C++ Frameworks for the Monte Carlo Method

C++ Frameworks for the Monte Carlo Method

Postby Cuchulainn » Sat Feb 10, 2007 5:07 pm

In this blog I would like to give a bird?s-eye overview of some collaborative work with Dr. J?rg Kienitz of the German Postbank AG.



The main goal is to design, develop and deploy a customizable software system that can be adapted to suit different types of derivatives products and that meets certain performance criteria. In particular, we wish to calculate the price of a number of equity and interest rate products using the Monte Carlo (MC) method. The important thing to remember about the MC method is that it is robust, converges to an accurate solution in most cases and it can be applied to a range of problems that other methods are not able to solve. For this reason alone we are attempting to develop flexible frameworks using modern system and design patterns.



The language of choice is C++ and we have chosen it for a number of reasons, some of which are based on the simple fact that we know the language well, we like it and it is interoperable with many software libraries. It is also an industry standard. Finally, it supports the object-oriented, generic and modular programming techniques and we use all three metaphors to help us create software that is as flexible and malleable as possible.



Some of the major challenges (nice ones!) in this project are:



-Such a framework has not been attempted before to the best of our knowledge in the sense than we cannot see any results in published literature



-The project demands a number of skills such as finance, stochastic and MC theory, numerical analysis, design techniques, C++ and project management skills (the last in the sense that the project must be delivered 31 June 2007)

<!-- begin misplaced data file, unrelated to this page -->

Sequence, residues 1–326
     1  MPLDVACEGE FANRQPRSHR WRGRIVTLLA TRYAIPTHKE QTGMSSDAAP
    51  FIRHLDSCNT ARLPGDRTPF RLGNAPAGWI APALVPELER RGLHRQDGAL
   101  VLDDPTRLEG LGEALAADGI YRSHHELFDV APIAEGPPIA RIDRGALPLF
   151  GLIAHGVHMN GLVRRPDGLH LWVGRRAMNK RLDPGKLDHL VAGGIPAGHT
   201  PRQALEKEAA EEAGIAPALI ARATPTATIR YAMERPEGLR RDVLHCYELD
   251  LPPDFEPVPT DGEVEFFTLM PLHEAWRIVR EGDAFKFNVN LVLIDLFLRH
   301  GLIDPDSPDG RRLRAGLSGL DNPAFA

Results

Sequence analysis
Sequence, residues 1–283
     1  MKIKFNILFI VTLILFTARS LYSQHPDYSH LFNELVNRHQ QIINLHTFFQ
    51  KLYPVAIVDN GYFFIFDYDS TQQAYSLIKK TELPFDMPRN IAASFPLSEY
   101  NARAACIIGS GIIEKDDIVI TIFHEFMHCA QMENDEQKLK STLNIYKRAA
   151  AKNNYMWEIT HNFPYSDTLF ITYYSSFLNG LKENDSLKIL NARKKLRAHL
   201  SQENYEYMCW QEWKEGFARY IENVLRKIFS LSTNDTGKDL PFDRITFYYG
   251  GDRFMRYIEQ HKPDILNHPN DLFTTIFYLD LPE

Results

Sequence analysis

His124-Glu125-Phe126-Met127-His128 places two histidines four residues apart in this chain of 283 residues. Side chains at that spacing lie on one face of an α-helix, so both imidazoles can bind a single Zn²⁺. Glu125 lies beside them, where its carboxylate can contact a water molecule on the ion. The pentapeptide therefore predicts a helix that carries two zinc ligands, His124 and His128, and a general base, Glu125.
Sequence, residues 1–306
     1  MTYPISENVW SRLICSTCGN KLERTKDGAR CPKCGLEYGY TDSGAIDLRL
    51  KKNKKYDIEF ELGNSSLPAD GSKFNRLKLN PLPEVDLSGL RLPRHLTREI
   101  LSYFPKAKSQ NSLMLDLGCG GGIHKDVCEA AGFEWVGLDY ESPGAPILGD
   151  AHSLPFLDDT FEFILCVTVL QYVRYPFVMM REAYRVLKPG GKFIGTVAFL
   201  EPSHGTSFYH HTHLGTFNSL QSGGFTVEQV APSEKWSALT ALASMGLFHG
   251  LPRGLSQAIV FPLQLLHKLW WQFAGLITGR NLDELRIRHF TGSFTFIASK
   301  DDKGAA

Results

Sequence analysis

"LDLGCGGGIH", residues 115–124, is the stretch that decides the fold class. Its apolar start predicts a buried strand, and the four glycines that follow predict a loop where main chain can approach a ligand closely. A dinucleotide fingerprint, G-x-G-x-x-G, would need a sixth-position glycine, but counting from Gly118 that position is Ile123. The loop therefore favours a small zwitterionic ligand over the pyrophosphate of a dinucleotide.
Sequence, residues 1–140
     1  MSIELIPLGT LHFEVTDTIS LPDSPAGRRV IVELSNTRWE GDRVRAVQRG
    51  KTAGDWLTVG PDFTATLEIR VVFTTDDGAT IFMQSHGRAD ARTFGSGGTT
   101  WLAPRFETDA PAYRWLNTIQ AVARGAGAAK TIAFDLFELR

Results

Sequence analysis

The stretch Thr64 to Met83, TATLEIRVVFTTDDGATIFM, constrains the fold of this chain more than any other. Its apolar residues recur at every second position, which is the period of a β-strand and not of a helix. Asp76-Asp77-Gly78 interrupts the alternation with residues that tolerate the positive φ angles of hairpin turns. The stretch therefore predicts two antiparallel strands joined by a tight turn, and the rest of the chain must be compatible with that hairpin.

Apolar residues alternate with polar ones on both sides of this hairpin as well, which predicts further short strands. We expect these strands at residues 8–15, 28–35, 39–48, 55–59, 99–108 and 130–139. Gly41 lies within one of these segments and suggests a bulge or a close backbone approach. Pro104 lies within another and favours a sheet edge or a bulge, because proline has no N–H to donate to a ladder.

-The number of robust finite difference schemes that are able to approximate the solution of the Stochastic Differential Equations (SDE) that describe the behaviour of the underlying assets seems to be restricted to the Euler and Milstein methods and for this reason we are developing and applying other schemes that are applicable to a range of SDE. Much research needs to be done in this area



-J?rg and myself are located in different countries (Germany, Netherlands) which makes communication more difficult than if we were sitting in the same office. For this reason, we needed to develop a vocabulary which would allow us to impart ideas at a higher level than just ?raw? C++ code



-When the application is in the ?get it working? phase we wish to port it to MPI and OpenMP environments



In later blogs both JK and myself will discuss a number of related issues in more detail. For the moment, I would like to conclude the blog with a number of do?s and don?ts that we learned during this project (we are still learning):



Do?s

-Partition the problem into loosely coupled subsystems/component with well-defined interfaces

-Spend 30% of your time on design, 35% on programming. The rationale is that once you know what must be done then it is easy to do

-Adopt a multi-disciplinary and multi-paradigm approach

-Spiral, risk-driven, incremental project management model

-Make sure you learn C++ well to get optimal results



Don?ts

-Start the project by creating deep C++ class hierarchies; using inheritance is an optimization step in a sense. The hierarchy will come once you get the basic classes up and running; at all costs, avoid spaghetti code

-Try to make everything into an object. Not everything needs to be a class. And such a step may be semantically wrong. Nice class for the wrong problem

-Do not generalize until we have some specialisation (this means that were work with concrete examples at each stage of the project, it keeps us on the rails)



My next blog will be a video presentation ?Daniel in the C++ Lion?s Den: Do?s and Don?ts when learning C++?. I dedicate it to my co-blogger Dr. Egor Kraev.



Daniel Duffy
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Re: C++ Frameworks for the Monte Carlo Method

Postby Cuchulainn » Thu Jul 03, 2014 9:16 pm

Here is 2013 chapter on a design for 1 factor Monte Carlo.
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